The staff will come in at 21:30 to change your couch set-up into a bed. There are three beds per room, each hovering above the one below it. Since I was in a single, the two upper beds were not set-up. I’d planned on eventually taking an overnight train with my mom from Romania to Hungary, but after seeing the set-up here, I made the executive decision for us to take a day train instead. Neither of us are keen on bunk beds and didn’t want to spend the extra money to each get a single room.
The train was relatively quiet, especially in comparison to the intercity Italian trains I’d been riding the past month. I didn’t need the earplugs, and I am an infamously light sleeper. Nice!
In addition to the snacks and other little ‘extras’ that were provided, there was also a card to fill out for a breakfast order. A plethora of juices, coffees, teas, etc., as well as an impressive selection of food items. You are allowed to choose up to 6 per person, with each additional costing an extra 1,20 euro. Not bad at all! The attendant asks you when you would like breakfast and he brings it to your room. He was flabbergasted when I told him 06:00. “You know you don’t have to get up that early, right?”
There are places above the ground floor to store luggage, complete with safety belts to keep everything in place. Given how much my bag weighed, I didn’t attempt to lift it (though I’m sure someone would have helped me had I asked). Keeping my bags on the floor took up a lot of space, though, and in retrospect, I would’ve been much more comfortable without having them in the way.
There are two outlets in the sleeper compartment – a main outlet, and one in the sink area. Another reason I would opt to always get my own room. Three people in this day and age fighting over two outlets? I’d expect there to be bloodshed.
Speaking of sinks – while my compartment did not have a toilet nor a shower, it did have a sink and mirror, which was helpful, especially while in the midst of the Italian Coronavirus outbreak. Having the freedom to regularly wash my hands was nice (as well as not having to go to the more public bathroom to brush my teeth).
There were a couple of hangers as well, in case you are traveling with clothes that can’t be folded or packed otherwise.
Although a drastic improvement from the plane ride over to Europe, Andre was still not a big fan of the train. Poor guy.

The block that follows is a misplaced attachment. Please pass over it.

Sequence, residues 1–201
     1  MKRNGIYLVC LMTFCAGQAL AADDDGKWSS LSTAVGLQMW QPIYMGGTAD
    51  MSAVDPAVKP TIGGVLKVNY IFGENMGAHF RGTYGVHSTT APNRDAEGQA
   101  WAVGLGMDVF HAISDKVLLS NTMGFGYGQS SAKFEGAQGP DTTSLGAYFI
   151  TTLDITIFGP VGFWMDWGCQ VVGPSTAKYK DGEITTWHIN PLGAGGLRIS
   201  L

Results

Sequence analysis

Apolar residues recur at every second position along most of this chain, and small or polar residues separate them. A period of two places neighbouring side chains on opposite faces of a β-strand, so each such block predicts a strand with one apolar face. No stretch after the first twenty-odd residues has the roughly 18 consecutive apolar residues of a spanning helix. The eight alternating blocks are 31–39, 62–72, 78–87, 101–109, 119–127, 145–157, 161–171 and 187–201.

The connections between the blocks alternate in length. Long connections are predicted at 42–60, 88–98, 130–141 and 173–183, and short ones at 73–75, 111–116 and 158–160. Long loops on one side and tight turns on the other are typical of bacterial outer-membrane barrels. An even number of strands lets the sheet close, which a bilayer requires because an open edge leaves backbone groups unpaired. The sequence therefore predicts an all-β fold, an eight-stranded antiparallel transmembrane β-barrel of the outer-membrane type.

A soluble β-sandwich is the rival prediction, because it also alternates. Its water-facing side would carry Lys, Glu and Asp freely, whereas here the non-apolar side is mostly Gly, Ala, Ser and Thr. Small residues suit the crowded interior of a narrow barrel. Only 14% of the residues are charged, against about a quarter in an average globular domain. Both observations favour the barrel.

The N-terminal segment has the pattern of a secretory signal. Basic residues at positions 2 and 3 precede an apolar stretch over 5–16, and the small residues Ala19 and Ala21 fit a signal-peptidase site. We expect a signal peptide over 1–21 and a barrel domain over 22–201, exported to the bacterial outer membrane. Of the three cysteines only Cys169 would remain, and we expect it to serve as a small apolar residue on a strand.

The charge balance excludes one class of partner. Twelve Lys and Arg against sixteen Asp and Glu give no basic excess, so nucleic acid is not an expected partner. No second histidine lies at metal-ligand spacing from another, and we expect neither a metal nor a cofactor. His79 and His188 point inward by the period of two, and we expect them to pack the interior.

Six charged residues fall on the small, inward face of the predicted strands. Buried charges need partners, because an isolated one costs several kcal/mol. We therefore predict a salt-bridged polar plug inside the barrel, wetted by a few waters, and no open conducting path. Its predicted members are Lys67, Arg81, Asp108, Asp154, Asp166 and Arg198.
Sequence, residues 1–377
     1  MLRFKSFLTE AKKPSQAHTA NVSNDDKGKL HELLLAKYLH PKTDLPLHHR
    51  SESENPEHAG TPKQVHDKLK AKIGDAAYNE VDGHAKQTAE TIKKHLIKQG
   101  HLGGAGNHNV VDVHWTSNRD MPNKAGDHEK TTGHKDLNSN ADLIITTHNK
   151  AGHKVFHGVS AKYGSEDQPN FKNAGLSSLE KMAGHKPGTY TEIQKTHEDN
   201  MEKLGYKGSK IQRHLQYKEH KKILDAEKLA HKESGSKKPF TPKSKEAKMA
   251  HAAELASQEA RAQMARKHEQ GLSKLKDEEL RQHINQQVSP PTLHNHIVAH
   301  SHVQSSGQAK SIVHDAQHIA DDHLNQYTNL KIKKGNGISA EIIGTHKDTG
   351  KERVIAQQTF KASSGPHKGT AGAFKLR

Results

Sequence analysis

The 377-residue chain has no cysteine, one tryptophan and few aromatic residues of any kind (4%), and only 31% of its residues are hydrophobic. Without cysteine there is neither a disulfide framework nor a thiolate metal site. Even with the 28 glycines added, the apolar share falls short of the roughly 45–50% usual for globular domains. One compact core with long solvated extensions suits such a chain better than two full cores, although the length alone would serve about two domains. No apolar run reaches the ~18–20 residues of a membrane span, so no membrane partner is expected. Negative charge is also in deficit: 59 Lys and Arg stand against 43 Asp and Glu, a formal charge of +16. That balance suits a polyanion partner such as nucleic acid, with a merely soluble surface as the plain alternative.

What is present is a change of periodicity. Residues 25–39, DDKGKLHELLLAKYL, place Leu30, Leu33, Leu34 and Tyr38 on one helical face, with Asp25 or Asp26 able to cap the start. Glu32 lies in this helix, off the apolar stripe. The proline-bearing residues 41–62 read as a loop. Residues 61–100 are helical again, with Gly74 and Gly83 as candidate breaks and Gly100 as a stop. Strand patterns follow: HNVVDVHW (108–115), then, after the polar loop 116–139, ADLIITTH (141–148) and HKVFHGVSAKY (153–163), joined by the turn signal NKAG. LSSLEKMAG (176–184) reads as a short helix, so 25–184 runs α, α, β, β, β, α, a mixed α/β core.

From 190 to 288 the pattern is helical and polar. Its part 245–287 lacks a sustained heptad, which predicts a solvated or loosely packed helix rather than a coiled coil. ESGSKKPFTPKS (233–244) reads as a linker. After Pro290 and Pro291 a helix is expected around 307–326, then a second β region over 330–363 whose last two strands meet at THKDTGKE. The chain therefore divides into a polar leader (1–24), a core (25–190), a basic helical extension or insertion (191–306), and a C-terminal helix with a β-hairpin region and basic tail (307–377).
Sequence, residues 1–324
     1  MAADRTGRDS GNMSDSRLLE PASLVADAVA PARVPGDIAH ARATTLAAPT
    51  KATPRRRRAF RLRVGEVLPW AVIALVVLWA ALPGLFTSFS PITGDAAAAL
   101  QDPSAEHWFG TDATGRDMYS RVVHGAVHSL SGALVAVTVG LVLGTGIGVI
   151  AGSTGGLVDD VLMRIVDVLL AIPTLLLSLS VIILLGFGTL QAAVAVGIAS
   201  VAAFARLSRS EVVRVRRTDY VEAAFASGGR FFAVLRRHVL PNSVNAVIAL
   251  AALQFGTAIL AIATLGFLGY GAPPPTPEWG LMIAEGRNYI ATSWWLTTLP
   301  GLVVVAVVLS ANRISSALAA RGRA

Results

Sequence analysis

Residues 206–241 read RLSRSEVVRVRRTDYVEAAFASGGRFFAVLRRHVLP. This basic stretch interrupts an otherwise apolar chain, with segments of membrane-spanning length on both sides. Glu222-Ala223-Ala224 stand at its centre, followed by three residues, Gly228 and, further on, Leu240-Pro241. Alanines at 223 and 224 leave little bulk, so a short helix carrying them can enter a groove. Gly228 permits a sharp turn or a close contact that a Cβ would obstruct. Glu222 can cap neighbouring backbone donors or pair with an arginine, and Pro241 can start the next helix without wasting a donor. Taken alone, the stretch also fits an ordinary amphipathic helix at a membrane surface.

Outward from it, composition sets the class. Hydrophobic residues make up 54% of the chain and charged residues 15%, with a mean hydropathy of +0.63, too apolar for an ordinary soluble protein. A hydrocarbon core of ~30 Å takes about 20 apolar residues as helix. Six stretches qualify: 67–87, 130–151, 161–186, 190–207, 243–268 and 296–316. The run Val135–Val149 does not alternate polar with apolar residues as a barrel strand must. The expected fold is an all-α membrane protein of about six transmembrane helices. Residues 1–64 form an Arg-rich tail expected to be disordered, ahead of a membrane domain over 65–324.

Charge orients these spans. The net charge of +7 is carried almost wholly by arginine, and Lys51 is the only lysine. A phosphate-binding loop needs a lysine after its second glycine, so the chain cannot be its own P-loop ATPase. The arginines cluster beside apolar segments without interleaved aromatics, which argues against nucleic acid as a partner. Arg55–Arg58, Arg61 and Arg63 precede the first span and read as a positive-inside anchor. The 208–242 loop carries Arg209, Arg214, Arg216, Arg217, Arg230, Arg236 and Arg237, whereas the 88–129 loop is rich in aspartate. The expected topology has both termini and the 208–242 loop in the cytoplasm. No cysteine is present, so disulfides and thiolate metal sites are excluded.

While the bed was surprisingly comfortable, I slept like utter shit. We stopped in a couple of different places, and my brain couldn’t help but notice that at some points we were stopped for what felt like an incredibly long time. Turns out, I was absolutely right. We wound up arriving to Vienna 2 hours late! Apparently there was some issue with two different Italian trains – surprise, surprise.
Despite not having slept well, waking up to these views was pretty epic. Austria has gorgeous scenery, and while this particular route doesn’t go through the infamously beautiful Brenner Pass, if you’ve never actually seen it, you’d never know.
While it was definitely an adventure, the overnight train from Rome to Vienna didn’t quite live up to my idealized expectations. This was partly due to my anxiety regarding Andre’s ability to go to the bathroom, especially given that the train was 2 hours late. We missed our train to Budapest (but OBB put us on the next one, no problem). That being said, I’d do it again.
If traveling alone, I’d opt for the deluxe sleeper compartment – with the in-cabin shower and toilet. If traveling with another person, maybe 2 individual sleeper compartments would work best for me. It would depend on the other person’s snoring habits and the level of intimacy we shared – hahah! Other sleeping arrangement options, including a 6-berth couchette car & regular seating, can be found here. If you’re spending a few days in Rome with kids and need an exciting way to transit to your next destination, booking an entire couchette car could be fun – not to mention cut down on your carbon footprint!